David Dunseith was a man I had not just respect but affection for. He somehow caught all the political bits of mud that people slung at him and each other, and made out of them a forum in which people could maybe think again about things, could set aside or at least put on hold the fierce loyalties or prejudices or pain that they brought to his Talkback programme. However, there was one term David used which I think was misleading and sometimes diminished the case a caller was presenting. The term was whataboutery. You’re claiming A, but what about B. Or C or D or Z? David had no time for whataboutery.
I think whataboutery is important, or certainly can be. For example, when the media and everyone else was weighing into the Catholic Church for the sexual horrors some of its clergy were guilty of, and the cover-up that followed those crimes, no one said “What about other sections of society? What about the BBC, and care homes, and even within families?” As a result, the horrors of society were piled on one back and all other backs apparently didn’t exist. How stupid and short-sighted that was is now becoming slowly and painfully evident.
Which brings us - yet again - to the death of Mary Travers. Yes, call it murder by all means, if that’s how you see it and if it helps us focus on the point. Mary Travers’s sister Ann was on TV during the week and it would have taken a heart of flint not to feel for her. Trying to cope with cancer, trying to cope with the loss of her sister in horrific circumstances, trying to get what she believes is justice in an unjust world: it seems like too much to heap on one frail back.
But then, on Good Morning Ulster I think it was, Jude Whyte rang in. His mother was killed - yes, call it that if you wish, or murdered - in the same year, in the same time-period as Mary Travers died. Mrs Whyte was killed at her own front door by UVF people, probably with state collusion. Whyte still feels the loss of his mother - who wouldn’t? But his point on Radio Ulster/Raidio Uladh was that there are hundreds of cases like his and Ann Travers - hundreds of people grieving for a face and a hand and a voice that will never come back. But that the way we’ve stopped these losses is by coming to an Agreement that, while it’s more than difficult for victims - all victims - to accept, it’s what we’ve agreed on and that’s the price we pay for a fragile peace.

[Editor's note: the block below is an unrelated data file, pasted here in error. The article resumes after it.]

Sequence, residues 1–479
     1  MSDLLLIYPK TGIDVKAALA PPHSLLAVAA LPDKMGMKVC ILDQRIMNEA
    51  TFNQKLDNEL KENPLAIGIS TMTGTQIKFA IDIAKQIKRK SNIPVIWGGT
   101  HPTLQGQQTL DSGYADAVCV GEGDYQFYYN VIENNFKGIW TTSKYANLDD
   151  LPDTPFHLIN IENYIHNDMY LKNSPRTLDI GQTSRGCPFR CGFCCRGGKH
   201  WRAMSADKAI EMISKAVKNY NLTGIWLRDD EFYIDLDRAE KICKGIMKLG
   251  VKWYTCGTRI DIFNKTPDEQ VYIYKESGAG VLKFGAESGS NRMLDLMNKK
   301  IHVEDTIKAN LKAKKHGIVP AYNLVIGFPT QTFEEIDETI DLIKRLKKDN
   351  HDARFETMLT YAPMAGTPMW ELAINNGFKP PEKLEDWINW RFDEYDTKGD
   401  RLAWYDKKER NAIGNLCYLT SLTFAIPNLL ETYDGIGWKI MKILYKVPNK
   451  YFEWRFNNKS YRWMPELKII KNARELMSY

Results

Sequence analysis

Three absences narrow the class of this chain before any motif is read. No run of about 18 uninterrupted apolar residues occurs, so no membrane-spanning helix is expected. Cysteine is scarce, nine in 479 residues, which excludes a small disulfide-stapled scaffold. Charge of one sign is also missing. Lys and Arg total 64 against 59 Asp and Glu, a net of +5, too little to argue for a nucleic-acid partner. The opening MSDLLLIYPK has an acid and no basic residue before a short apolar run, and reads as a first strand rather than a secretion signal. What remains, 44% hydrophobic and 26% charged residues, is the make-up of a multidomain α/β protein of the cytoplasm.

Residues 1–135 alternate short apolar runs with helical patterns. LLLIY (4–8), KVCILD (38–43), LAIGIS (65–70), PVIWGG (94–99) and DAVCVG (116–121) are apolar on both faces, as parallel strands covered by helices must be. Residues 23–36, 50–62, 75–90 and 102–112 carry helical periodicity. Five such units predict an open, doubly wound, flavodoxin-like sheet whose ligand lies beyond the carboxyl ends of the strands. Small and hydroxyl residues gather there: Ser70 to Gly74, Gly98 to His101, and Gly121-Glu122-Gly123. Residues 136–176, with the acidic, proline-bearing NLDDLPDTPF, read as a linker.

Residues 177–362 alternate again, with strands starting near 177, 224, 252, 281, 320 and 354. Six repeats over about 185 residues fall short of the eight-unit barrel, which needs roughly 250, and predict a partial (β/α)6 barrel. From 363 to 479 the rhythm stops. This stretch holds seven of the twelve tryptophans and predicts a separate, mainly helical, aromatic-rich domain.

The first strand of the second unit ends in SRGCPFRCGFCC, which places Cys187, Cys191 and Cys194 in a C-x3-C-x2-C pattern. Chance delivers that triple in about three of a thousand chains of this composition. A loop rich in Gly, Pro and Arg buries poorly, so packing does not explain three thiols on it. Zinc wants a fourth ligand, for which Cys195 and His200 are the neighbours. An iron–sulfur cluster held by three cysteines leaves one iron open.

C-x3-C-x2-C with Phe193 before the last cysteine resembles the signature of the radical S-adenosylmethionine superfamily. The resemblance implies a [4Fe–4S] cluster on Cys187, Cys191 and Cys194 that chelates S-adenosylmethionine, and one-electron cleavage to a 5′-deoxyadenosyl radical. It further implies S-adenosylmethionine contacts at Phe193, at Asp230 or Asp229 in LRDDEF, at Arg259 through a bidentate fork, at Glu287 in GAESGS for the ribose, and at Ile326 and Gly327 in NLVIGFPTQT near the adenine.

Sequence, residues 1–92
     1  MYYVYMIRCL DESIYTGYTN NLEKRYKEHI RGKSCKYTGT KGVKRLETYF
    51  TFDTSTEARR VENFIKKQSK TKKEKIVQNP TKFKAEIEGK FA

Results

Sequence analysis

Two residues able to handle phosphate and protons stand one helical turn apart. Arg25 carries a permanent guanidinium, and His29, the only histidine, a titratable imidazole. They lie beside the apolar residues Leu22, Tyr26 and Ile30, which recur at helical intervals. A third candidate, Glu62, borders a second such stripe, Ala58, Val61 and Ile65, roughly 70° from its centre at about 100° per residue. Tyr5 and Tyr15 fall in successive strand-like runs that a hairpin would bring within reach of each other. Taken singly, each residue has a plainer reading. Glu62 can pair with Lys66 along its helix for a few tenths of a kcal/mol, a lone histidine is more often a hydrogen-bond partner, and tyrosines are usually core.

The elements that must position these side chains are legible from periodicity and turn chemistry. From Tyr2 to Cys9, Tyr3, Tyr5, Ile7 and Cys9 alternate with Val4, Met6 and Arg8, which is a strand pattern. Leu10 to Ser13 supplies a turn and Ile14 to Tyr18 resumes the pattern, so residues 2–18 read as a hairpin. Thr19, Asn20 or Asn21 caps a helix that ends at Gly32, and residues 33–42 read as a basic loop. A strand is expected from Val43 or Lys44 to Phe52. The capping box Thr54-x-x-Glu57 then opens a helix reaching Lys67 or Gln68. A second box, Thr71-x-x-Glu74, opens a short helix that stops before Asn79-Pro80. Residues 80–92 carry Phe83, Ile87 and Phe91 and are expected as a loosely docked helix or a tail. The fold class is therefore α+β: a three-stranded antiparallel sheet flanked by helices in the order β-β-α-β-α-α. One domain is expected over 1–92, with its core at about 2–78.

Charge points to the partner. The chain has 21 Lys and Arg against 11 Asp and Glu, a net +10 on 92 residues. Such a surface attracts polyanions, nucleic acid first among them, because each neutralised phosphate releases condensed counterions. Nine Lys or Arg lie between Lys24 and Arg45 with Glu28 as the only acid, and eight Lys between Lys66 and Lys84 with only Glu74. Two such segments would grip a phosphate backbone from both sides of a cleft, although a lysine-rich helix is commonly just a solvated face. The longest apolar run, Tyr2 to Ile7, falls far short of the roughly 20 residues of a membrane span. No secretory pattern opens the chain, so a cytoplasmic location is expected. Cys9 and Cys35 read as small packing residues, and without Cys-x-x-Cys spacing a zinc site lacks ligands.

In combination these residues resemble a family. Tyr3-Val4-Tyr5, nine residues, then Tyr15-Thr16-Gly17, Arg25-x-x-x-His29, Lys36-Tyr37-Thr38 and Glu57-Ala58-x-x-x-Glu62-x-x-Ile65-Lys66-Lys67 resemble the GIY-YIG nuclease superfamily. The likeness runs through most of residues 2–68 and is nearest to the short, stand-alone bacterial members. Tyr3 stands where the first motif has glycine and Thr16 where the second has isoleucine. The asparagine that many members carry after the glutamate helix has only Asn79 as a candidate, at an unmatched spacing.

I’m reading a booklet at the moment called The Pitchfork Murders. It’s about two young men - more boys, really - who were killed by a loyalist gang, again most likely with state collusion. It’s called The Pitchfork Murders because, initially, it was thought the two young men had been killed with a pitchfork. In fact both died by repeated stabbing with a 6” Bowie knife. There were no signs of resistance from either of the two, which suggests they were held by others while the killer stabbed again and again. One of the pair had wounds on his back and front, suggesting the killer stabbed him first in the front and then had him turned over, like an animal on a spit, so he could be stabbed on the other side. The killers have never been brought to justice; the state has never conceded involvement.
There are hundreds of people out there bearing the kind of grief that came to eat into the relatives of those killed in the Pitchfork Murders, the relatives of Mrs Whyte, the relatives of Ann Travers. It’s not to take away from Ann Travers’s pain to say that she hasn’t the right to seek personal, unique terms of punishment for the woman who was involved in her sister’s death - yes, her sister’s murder, if you want to call it that. The woman involved in the death of her sister served time in prison, like hundreds of others, for what she’d done. And she was released under the terms of the Good Friday Agreement. And the GFA said nothing about released prisoners not being allowed to be advisers to politicians in Stormont. If anything, the situation of released prisoners deserves thoughtful and sympathetic consideration, to help re-integrate them into society, rather than place further restrictions on their lives. And that’s all prisoners.
So what am I saying in a long-winded way? That Jude Whyte is right. The only way forward is for all who have suffered to move on, accept the terms under which agreement was reached, and stop claiming that his or her grief is unique. What about all the other victims and their grief? Each and every one is equally unique.